Reduced neuromuscular activity with carbohydrate ingestion during constant load cycling

Nikolopoulos, V, Arkinstall, M and Hawley, J 2004, 'Reduced neuromuscular activity with carbohydrate ingestion during constant load cycling', International Journal of Sport Nutrition and Exercise Metabolism, vol. 14, pp. 161-170.


Document type: Journal Article
Collection: Journal Articles

Title Reduced neuromuscular activity with carbohydrate ingestion during constant load cycling
Author(s) Nikolopoulos, V
Arkinstall, M
Hawley, J
Year 2004
Journal name International Journal of Sport Nutrition and Exercise Metabolism
Volume number 14
Start page 161
End page 170
Total pages 10
Publisher Human Kinetics
Abstract The purpose of this study was to determine the effect of carbohydrate ingestion before and during intense constant load cycling to volitional fatigue on surface electromyographic (sEMG) activity from the vastus lateralis (VL) and vastus medialis (VM) muscles. After 24-h diet and training control, 8 well-trained subjects [maximal O2 uptake (VO2max) 66 ± 2 ml · kg-1 · min-1; mean ± SD] ingested 8 ml · kg-1 of either a 6.4% carbohydrate-electrolyte (CHO) or a placebo (PLA) solution immediately before, followed by 2 ml · kg-1 of the same solution every 15 min while cycling to exhaustion at 84 ± 1% of VO2max. Exercise time to fatigue was 13% longer with CHO ingestion compared to PLA (58:54 ± 8:48 vs. 51:18 ± 5:54 min:s, NS). VO2 (4.22 ± 0.11 vs. 4.20 ± 0.14 L · min-1), heart rate (172 ± 4 vs. 176 ± 4 beats · min-1), ratings of perceived effort (18 ± 0.1 vs. 19 ± 0.1), and rates of carbohydrate oxidation (314 ± 28 vs. 324 ± 26 ?mol · kg-1 · min-1) were similar for both PLA and CHO at exhaustion. There was no main treatment effect of CHO ingestion on blood glucose or lactate concentrations, nor plasma prolactin levels either during exercise or at fatigue. However, CHO ingestion attenuated the rise in EMG root mean square (RMS) activity during the latter stages (>45 min) of exercise and at the point of exhaustion for both VM (0.325 ± 0.010 vs. 0.403 ± 0.020 mV; p = .006) and VL (0.298 ± 0.011 vs. 0.370 ± 0.007 mV; p =.0004). We conclude that in well-trained subjects, the ingestion of carbohydrate attenuated the increase in surface electromyographic activity during intense, constant load cycling leading to exhaustion in ?1 h. The precise mechanism(s) underlying this effect cannot be attributed to alterations in CHO availability but, instead, may be linked to changes in afferent sensory input.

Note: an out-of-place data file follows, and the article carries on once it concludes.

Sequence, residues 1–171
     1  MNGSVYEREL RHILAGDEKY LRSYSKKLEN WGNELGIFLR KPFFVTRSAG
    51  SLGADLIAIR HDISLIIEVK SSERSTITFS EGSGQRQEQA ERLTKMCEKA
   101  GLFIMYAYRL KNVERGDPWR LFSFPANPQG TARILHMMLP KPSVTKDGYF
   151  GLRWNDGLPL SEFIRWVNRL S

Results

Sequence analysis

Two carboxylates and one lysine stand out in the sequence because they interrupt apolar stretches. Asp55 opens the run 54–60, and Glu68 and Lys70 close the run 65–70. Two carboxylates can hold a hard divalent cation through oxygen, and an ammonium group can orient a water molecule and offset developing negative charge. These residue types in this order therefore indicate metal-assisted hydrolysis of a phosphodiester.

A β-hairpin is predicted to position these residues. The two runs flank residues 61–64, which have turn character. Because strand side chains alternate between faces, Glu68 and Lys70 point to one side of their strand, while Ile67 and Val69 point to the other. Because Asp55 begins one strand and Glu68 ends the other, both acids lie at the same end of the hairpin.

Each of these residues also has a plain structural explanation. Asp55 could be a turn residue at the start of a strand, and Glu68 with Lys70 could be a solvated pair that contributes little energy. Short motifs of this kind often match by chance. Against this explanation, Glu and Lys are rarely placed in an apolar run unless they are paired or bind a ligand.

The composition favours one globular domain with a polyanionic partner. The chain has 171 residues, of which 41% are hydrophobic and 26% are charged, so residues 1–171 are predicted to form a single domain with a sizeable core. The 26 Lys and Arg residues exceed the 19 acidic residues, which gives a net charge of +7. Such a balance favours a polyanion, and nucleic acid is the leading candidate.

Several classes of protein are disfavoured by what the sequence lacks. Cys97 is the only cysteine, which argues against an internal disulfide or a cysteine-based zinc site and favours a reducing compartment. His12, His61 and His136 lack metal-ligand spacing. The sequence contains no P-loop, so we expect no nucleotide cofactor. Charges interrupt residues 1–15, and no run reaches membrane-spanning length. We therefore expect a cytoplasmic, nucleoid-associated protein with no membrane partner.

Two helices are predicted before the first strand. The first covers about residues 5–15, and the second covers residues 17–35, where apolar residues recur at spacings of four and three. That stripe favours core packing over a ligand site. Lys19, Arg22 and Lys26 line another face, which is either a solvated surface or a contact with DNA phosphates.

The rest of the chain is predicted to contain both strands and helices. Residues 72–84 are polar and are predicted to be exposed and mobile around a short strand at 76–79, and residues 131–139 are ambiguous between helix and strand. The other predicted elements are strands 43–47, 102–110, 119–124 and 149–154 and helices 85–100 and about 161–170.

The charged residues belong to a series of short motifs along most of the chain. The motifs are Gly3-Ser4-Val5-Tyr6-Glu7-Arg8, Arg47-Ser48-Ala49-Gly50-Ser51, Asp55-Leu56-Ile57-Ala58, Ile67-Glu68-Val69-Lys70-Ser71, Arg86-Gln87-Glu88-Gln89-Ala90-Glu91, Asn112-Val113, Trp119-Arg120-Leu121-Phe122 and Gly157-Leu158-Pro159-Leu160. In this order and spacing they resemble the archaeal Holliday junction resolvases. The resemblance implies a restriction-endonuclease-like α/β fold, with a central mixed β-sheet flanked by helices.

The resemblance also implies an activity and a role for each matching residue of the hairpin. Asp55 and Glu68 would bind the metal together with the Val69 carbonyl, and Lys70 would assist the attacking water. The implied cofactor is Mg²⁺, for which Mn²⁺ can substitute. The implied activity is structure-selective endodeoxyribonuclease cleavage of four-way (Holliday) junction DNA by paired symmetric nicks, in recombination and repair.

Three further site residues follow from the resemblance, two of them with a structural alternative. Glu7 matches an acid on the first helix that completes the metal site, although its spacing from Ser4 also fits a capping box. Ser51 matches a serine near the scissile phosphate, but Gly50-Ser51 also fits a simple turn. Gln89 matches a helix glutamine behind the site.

Subject Cell Metabolism
Copyright notice © Copyright 2008 Elsevier B.V., All rights reserved.
ISSN 1526-484X
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